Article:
Altogether, our study describes a new role for Pax-5 as a FAK inhibitor and tumor suppressor of breast cancer processes. Mechanistically, we demonstrate that Pax-5 inhibits FAK expression and activation indirectly through the regulation of FAK modulators (notably through p53). These findings are striking given that Pax-5 is a potent oncogene in lymphoid cancers [63]. The study herein suggests that Pax-5-mediated suppression of breast cancer aggressiveness is largely due to FAK inhibition. These finding are of particular interest given the association of FAK in invasive cancers and the interest in FAK targeting as a promising anticancer strategy [64, 65].


Research funds were provided by grants from the New Brunswick (NB) Innovation Foundation, the Canadian Breast Cancer Foundation-Atlantic Chapter, the Canadian Breast Cancer Society/QEII Foundation, and the NB Health Research Foundation (NBHRF). GAR is supported by a Canadian Institutes of Health Research (CIHR) New Investigator Award; SB is supported by the Beatrice Hunter Cancer Research Institute (BHCRI) with funds provided by the Terry Fox Strategic Health Research Training Program in Cancer Research at CIHR in partnership with the NB Health Research Foundation and The Roses of Hope Foundation (La Vie en Rose Foundation); JH is supported by a trainee award from the BHCRI with funds provided by the Canadian Breast Cancer Foundation, Atlantic Region and the NBHRF as part of The Terry Fox Strategic Health Research Training Program in Cancer Research at CIHR; and RG is a trainee in the Cancer Research Training Program of the BHCRI, with funds provided by the Canadian Breast Cancer Foundation - Atlantic Region and the NBHRF.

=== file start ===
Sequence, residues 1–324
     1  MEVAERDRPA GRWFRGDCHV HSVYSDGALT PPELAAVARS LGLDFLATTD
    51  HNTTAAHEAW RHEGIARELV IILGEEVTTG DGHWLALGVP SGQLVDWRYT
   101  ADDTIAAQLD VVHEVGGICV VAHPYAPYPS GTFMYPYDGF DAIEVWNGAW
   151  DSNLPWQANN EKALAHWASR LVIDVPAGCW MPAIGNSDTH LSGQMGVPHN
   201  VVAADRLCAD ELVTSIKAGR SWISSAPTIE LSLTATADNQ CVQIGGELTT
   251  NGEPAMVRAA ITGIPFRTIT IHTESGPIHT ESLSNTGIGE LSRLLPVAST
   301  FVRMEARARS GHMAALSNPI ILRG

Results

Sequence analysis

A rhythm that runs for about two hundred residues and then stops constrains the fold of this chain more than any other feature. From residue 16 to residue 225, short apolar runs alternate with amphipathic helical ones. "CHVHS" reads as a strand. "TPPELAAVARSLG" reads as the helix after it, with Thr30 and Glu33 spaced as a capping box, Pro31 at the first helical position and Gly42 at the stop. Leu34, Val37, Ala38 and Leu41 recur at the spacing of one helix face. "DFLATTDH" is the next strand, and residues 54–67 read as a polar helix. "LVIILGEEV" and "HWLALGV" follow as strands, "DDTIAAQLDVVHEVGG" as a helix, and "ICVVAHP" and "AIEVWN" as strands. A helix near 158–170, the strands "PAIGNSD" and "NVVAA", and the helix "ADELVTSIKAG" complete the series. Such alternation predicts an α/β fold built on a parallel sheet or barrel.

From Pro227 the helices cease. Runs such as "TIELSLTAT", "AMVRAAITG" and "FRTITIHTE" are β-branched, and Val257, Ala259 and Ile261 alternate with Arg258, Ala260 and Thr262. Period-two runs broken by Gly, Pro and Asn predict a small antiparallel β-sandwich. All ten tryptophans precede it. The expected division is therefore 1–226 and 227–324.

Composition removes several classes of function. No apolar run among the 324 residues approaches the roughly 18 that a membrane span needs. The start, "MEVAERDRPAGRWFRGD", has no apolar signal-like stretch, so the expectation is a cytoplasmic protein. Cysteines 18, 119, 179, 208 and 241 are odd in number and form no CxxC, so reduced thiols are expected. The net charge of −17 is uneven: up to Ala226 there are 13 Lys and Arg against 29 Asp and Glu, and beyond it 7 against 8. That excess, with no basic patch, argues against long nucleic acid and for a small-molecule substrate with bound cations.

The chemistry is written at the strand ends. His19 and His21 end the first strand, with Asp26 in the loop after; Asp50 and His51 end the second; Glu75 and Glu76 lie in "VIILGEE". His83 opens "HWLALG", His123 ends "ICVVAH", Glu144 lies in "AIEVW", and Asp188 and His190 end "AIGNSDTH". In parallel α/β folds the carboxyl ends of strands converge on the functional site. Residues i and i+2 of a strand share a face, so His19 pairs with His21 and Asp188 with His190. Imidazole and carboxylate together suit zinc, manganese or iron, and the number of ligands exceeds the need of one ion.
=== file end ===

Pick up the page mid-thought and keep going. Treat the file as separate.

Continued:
Conflict of interest

We have no potential conflicts of interest to disclose.


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Author contact

Corresponding address Corresponding author: Gilles A. Robichaud, Université de Moncton, Moncton, NB, Canada, E1A 3E9. gilles.robichaudca; Tel: (506)858-4320; Fax: (506)858-4541.

Received 2016-2-4
Accepted 2016-8-3
Published 2016-10-22